Check out the best selling books; those are generally packed with great wisdom.

8. Have a quick nap.

If you are at home, take a quick nap for about 20-30 minutes. This clears up your mind and gives you a quick boost. Nothing quite like starting off on a fresh start after catching up on sleep.

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9. Remember why you are doing this.

Sometimes we lose sight of why we do what we do, and after a while we become jaded. A quick refresher on why you even started on this project will help.

What were you thinking when you thought of doing this? Retrace your thoughts back to that moment. Recall why you are doing this. Then reconnect with your muse.

10. Find some competition.

Nothing quite like healthy competition to spur us forward. If you are out of ideas, then check up on what people are doing in your space.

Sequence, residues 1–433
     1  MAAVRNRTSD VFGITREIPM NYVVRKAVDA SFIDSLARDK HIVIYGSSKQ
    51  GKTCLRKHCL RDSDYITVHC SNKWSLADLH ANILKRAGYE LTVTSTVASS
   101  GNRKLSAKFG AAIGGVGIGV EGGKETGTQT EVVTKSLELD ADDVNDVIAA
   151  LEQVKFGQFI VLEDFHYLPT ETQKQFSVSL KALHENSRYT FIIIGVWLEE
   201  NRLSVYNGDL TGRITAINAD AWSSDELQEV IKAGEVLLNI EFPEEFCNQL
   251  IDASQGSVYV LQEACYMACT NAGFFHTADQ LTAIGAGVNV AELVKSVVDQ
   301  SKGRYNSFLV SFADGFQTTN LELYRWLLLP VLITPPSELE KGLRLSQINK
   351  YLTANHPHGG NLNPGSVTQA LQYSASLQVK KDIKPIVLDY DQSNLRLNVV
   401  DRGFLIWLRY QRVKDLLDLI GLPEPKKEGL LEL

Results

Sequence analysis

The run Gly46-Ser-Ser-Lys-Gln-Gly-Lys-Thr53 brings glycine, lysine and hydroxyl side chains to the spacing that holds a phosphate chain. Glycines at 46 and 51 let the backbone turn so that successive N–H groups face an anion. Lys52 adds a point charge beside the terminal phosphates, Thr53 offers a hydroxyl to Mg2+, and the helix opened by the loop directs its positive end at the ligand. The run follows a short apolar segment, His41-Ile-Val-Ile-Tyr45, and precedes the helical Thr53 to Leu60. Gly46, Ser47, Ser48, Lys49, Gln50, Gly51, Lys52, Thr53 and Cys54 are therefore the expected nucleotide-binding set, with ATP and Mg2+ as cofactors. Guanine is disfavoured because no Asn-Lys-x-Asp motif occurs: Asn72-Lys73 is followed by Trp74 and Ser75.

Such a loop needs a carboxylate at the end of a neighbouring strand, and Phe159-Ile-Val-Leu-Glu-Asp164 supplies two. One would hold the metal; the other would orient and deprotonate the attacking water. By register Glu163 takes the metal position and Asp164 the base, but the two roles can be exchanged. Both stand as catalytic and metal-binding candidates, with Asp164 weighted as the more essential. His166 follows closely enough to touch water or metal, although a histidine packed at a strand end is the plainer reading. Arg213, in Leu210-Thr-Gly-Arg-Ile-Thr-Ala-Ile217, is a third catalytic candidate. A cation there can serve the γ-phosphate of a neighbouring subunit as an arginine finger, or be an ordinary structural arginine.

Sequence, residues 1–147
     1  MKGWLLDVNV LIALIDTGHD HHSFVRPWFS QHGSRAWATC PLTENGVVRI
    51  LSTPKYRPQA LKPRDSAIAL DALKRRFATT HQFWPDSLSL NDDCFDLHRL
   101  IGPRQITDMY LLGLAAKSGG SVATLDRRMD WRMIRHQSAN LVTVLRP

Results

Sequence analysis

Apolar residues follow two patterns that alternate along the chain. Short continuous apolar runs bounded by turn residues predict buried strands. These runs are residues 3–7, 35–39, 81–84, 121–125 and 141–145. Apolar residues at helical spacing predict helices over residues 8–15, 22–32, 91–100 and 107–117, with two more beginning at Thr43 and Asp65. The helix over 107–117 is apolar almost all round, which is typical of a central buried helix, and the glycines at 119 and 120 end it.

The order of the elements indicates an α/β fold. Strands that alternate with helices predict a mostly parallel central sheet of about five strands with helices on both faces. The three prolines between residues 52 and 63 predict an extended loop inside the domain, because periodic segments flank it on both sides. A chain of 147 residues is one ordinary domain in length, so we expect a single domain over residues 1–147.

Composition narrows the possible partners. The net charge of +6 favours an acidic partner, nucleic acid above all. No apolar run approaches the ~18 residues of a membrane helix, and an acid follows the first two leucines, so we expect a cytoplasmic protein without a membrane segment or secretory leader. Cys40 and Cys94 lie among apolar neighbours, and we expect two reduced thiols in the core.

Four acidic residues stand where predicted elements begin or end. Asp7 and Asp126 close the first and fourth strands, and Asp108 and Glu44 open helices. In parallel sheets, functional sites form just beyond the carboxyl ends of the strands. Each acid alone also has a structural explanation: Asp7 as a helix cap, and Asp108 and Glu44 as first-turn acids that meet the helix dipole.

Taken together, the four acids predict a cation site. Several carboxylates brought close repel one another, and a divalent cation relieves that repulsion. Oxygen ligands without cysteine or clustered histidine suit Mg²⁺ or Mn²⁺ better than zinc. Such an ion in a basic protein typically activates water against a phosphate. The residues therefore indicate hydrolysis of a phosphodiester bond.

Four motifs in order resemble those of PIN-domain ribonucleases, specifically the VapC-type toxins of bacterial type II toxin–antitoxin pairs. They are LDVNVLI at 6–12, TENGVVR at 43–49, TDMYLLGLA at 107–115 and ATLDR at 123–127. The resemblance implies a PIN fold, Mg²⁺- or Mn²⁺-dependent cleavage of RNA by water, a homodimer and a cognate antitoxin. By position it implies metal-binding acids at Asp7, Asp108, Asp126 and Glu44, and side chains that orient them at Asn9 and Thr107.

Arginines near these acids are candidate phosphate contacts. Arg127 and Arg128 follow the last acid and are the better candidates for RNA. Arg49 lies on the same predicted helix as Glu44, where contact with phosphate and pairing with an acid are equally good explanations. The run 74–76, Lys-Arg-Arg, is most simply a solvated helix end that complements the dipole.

Colleagues at work, competitors in the industry, competitors’ products and websites, networking conventions.. you get the drill.

11. Go exercise.

Since you are not making headway at work, might as well spend the time shaping yourself up.

Sometimes we work so much that we neglect our health and fitness. Go jog, swim, cycle, whichever exercise you prefer.

As you improve your physical health, your mental health will improve, too. The different facets of ourselves are all interlinked.

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Here’re 15 Tips to Restart the Exercise Habit (and How to Keep It).

12. Take a good break.

Ruts are usually signs that you have been working too long and too hard. It’s time to get a break.

Beyond the quick tips above, arrange for a 1-day or 2-days of break from your work. Don’t check your (work) emails or do anything work-related. Relax and do your favorite activities. You will return to your work recharged and ready to start.

Contrary to popular belief, the world will not end from taking a break from your work. In fact, you will be much more ready to make an impact after proper rest. My best ideas and inspiration always hit me whenever I’m away from my work.

Take a look at this to learn the importance of rest: The Importance of Scheduling Downtime

More Resources About Getting out of a Rut

Featured photo credit: Joshua Earle via unsplash.com